…your role is to “promote and safeguard the doctrine on faith and morals throughout the Catholic world”… a true service offered to the Magisterium of the Pope and the whole Church… to safeguard the right of the whole people of God to receive the deposit of faith in its purity and in its entirety. —POPE FRANCIS, Address to the Congregation for the Doctrine of the Faith, January 31, 2014; vatican.va
Pope Benedict pledged his “respect and obedience” to Francis  who in turn called Benedict “my much-loved predecessor,”  saying that they are “brothers.”  For in following one another, they are following Christ.
Who said that? Jesus.
Whoever listens to you listens to me. Whoever rejects you rejects me. And whoever rejects me rejects the one who sent me. (Luke 10:16; cf. Heb 13:17))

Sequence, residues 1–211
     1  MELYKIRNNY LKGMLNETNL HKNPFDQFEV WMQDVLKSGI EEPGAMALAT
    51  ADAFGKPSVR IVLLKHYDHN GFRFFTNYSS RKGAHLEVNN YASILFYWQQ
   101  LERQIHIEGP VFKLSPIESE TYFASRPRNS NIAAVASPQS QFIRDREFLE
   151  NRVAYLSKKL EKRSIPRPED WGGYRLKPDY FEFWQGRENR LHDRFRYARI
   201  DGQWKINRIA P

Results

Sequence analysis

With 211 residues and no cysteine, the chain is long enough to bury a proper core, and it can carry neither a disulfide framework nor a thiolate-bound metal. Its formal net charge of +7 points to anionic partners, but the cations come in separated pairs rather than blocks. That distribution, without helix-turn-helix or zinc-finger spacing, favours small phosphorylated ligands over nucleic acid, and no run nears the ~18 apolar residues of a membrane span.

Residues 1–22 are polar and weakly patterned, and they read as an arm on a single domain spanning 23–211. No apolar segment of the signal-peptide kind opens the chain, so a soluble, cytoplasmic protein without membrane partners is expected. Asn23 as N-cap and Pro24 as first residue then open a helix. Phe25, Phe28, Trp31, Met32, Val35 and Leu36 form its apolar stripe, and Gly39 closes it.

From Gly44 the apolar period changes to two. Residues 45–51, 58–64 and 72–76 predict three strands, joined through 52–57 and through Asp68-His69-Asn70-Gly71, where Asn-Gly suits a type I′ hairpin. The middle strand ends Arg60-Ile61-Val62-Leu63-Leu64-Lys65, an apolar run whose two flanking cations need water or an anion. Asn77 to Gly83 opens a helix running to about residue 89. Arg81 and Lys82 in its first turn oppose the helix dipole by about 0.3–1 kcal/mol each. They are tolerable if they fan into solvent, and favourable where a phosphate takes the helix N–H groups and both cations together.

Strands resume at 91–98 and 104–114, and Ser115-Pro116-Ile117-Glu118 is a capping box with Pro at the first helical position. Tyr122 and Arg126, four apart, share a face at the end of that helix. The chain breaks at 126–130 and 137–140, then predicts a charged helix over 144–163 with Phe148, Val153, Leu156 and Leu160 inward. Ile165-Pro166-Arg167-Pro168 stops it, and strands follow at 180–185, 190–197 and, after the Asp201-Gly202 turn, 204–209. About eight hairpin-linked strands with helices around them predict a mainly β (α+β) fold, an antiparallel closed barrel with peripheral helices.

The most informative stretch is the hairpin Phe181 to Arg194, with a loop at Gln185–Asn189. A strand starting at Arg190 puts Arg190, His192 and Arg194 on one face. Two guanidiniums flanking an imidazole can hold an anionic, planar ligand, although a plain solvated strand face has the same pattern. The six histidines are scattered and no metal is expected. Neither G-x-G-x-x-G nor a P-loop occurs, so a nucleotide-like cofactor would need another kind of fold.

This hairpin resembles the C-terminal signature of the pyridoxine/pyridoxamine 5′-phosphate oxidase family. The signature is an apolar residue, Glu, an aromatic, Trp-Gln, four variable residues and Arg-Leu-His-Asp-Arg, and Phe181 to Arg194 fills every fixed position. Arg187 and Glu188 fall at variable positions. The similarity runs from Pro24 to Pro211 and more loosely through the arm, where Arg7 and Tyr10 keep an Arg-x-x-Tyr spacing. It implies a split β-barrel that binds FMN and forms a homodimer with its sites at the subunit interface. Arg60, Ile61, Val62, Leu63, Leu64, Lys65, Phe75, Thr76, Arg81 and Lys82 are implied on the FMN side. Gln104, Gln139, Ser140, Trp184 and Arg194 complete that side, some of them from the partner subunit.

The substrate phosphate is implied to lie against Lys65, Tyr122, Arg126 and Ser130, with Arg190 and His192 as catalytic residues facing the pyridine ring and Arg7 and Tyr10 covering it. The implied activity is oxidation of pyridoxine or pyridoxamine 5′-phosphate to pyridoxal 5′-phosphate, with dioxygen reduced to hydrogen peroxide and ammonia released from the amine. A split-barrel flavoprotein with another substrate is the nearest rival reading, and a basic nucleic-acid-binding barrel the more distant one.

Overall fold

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- Quotes from I-XIII from BENEDICT XVI: I. Homily, May 13th, 2007; vatican.va; II. Address to Pilgrims from Madrid, Spain, Jul. 4, 2005; III. Address to Conference of Latin American Bishops, May 13, 2007; vatican.va; IV. Address to the Bishops of Brazil, May 11, 2007; vatican.va; V. (Ratzinger) The Current Situation of Faith and Theology, Conference in Guadalajar, Mexico, 1996; Evangelii Gaudium, n. 83; VI. Ecclesia in Medio Oriente, n. 26; VII. Deus Caritas, n. 16; VIII. Homily, Warsaw Poland, May 26, 2006; IX. Address at Vespers, Munich Germany, Sept 10, 2006; X. Homily, Immaculate Conception, Dec. 8, 2005; XI. General Audience, Aug. 6, 2009; XII. Spe Salvi, n. 16 ; XIII. Address Commemorating 40th Anniversary of Dogmatic Constitution on Divine Revelation, Setp. 16, 2005
- Oct. 1st, 2013; ncronline.org
- Sept. 30th, 2013, americamagazine.org
- May 22, 2013; catholicherald.co.uk
- Evangelii Gaudium, n. 46
- Aug. 7, 2013; catholicnews.com
- Mar 22, 2013; catholicsnews.com
- cf. Evangelii Gaudium
- cf. Evangelii Gaudium, n. 262
- cf. Lk 16:16
- cf. Pope Francis, and the Coming Passion of the Church Part I and Part II
- cf. Lk 9:23
- cf. catholicnews.com
- cf. cbc.ca